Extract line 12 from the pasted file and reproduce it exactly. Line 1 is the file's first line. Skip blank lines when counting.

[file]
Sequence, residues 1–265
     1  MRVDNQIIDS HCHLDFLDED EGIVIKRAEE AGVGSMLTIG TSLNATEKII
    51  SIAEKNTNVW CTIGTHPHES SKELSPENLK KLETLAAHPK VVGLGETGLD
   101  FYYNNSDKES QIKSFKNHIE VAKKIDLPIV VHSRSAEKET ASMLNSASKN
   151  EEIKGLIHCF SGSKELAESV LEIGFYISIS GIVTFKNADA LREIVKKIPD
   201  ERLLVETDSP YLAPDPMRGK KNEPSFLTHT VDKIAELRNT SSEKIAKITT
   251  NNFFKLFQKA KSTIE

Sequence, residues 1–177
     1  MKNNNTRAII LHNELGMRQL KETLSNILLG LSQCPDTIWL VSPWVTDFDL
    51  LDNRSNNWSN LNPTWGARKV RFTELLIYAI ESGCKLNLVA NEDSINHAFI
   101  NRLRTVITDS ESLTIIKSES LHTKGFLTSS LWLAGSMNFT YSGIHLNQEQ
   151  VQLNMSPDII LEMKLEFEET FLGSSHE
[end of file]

   151  VQLNMSPDII LEMKLEFEET FLGSSHE